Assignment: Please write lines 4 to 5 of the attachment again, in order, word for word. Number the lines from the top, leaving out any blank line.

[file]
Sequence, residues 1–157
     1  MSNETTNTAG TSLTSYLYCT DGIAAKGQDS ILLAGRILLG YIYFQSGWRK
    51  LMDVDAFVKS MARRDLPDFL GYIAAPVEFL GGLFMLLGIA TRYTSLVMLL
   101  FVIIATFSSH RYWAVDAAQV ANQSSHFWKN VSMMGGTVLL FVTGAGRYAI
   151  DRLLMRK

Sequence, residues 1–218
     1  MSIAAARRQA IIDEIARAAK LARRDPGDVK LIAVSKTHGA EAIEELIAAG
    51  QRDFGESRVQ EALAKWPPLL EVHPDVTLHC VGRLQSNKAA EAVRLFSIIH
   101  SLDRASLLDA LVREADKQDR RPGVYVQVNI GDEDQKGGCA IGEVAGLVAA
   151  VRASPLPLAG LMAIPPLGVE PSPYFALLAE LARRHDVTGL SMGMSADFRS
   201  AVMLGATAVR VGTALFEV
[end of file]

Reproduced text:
   101  FVIIATFSSH RYWAVDAAQV ANQSSHFWKN VSMMGGTVLL FVTGAGRYAI
   151  DRLLMRK